Barcelona is one of the world’s most visited cities, but relatively few tourists venture beyond the suburbs. Yet, just a couple of hours’ drive from the metropolis, there’s a relaxed region that’s ready to be explored at your own pace: the province of Girona, a jewel in the Spanish crown.

The best way to experience this diverse area is to ditch the car and set off slowly along the quiet lanes and footpaths on foot. A walking route leads from Olot in the foothills of the Pyrenees all the way to the Costa Brava – here are some of the highlights along the way, whether you’re on two feet or four wheels.

See dramatic landscapes in a volcano nature reserve

Start your visit by exploring the Parc Natural de la Zona Volcànica, a nature reserve that hides some extraordinary geological treasures, including forty extinct volcanoes. The Alta Garrotxa, the highest area closest to the Pyrenees, has the most dramatic scenery, with towers of limestone and basalt cliffs, while further south the hills give way to rolling countryside. The GR2 national trail from Olot to Besalú passes through green valleys that offer gentler hiking.

Continue into the Fageda d’en Jordà nature reserve, a cool beech forest that grows on an ancient lava flow. Then follow a rust-coloured dirt track to the remarkable remains of the Volcà del Croscat, which was used as a quarry until 1982. The volcano’s cone was cut into by diggers, which sliced away a section like a piece of cake. The one benefit of that destructive work is that now you can see a cross-section of the shaft through which lava once flowed.

From there, it’s a bit of a climb to the Volcà de Santa Margarida but worth the detour. At the top, in the middle of a wide, grassy basin, sits the lonely chapel of Santa Margarida. Standing in this quiet spot, surrounded by the encroaching forest, it’s hard to believe this was once a fiery crater.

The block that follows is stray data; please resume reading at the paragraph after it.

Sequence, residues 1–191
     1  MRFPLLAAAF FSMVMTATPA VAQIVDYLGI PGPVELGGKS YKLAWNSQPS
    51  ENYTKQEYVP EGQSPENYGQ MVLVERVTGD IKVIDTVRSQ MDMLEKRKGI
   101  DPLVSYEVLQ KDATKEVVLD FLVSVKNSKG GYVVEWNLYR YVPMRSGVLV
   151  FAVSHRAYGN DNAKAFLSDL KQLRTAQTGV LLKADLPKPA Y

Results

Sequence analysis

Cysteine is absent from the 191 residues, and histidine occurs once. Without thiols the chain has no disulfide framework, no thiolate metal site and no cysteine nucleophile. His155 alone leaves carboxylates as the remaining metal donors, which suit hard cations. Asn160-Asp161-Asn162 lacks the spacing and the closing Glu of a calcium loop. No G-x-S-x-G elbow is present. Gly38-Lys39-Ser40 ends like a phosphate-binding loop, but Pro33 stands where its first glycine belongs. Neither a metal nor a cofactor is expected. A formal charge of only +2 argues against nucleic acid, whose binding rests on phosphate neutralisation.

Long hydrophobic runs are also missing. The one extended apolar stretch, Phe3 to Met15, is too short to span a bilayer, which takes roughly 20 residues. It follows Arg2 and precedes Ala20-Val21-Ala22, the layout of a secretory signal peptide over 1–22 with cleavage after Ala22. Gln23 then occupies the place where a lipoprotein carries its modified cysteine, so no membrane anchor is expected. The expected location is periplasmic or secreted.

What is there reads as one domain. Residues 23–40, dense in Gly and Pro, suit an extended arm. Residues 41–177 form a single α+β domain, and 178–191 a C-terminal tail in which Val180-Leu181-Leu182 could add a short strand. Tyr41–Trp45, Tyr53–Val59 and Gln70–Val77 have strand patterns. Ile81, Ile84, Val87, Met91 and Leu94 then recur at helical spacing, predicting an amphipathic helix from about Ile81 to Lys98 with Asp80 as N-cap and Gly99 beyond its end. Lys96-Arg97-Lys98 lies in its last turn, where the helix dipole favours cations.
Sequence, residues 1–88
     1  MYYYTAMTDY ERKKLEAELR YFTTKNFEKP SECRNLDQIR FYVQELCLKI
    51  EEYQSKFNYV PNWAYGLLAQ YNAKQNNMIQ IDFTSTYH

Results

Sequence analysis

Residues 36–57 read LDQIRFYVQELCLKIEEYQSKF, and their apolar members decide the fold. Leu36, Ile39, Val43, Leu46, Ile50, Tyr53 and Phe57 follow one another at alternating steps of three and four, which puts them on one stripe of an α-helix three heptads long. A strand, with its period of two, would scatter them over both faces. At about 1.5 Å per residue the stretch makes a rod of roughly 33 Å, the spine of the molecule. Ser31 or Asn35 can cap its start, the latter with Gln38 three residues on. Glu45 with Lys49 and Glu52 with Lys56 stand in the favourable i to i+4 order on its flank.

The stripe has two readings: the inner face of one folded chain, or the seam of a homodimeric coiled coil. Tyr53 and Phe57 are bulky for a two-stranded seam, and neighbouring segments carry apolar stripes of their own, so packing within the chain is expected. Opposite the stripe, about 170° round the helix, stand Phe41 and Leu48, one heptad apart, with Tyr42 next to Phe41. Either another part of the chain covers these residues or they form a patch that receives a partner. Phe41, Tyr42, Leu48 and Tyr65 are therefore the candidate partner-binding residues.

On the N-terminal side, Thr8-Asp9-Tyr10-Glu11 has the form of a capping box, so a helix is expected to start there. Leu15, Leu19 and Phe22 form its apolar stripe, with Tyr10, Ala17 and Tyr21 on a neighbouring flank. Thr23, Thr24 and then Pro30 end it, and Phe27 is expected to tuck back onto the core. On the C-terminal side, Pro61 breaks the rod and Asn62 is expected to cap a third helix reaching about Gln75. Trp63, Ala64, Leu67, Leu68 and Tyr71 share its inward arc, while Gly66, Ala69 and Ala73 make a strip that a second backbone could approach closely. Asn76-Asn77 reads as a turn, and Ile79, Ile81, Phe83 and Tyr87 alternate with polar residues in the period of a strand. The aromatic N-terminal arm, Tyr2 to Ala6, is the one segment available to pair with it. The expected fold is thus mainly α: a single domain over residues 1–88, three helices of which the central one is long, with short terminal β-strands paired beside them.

Visit medieval towns

You can’t go far in central Girona province without coming across an attractive medieval town where the pace of life seems not to have changed since the thirteenth century.

Olot, the county capital, is the starting point for the Parc Natural de la Zona Volcànica and is surrounded by volcanic peaks. A few kilometres along the GR2 trail to the southeast – still within the volcanic zone – lies Santa Pau, a pretty town dominated by a grand castle, El Castell de la Baronia, around which is a network of alleyways, relaxed squares and Romanesque churches.

Further on along the GR2, you’ll arrive in Besalú, one of the best-preserved medieval towns in Catalunya. A network of narrow, cobbled streets and tall buildings huddle beside the River Fluvia and an impressive eleventh-century fortified bridge, the Pont Vell. There’s such a peaceful ambience here that you can’t imagine the town ever needed defending.

Image by Ros Walford

You can see the ruins of synagogue and the mikveh (bathhouse) where the Sephardic Jewish residents in the early Middle Ages would meet to bathe beside the riverside. Stop to have a drink at a café in the tranquil main square and don’t miss the quirky Micromundi: Museum of Miniatures and Microminiatures in front of the monastery of Sant Pere.

Get a taste of the countryside with farms and food

After Besalú, the landscape levels out and you follow the River Fluvia, a broad green river flanked by cool forests. It’s an idyllic agricultural landscape, where stone farmhouses stand beside wildflower meadows, red with poppies in spring.

It’s possible to stay at some of these ancient farms along the way to the coast, such as Can Muni near Pins, which runs horse-riding holidays. The rambling farmhouse with large stables is in a gorgeous spot overlooking a valley. Sitting outside on the terrace with a glass of local Empordà wine, as the sun throws warm shades over the meadow of long grasses, you feel the aches of the day’s walk ease away.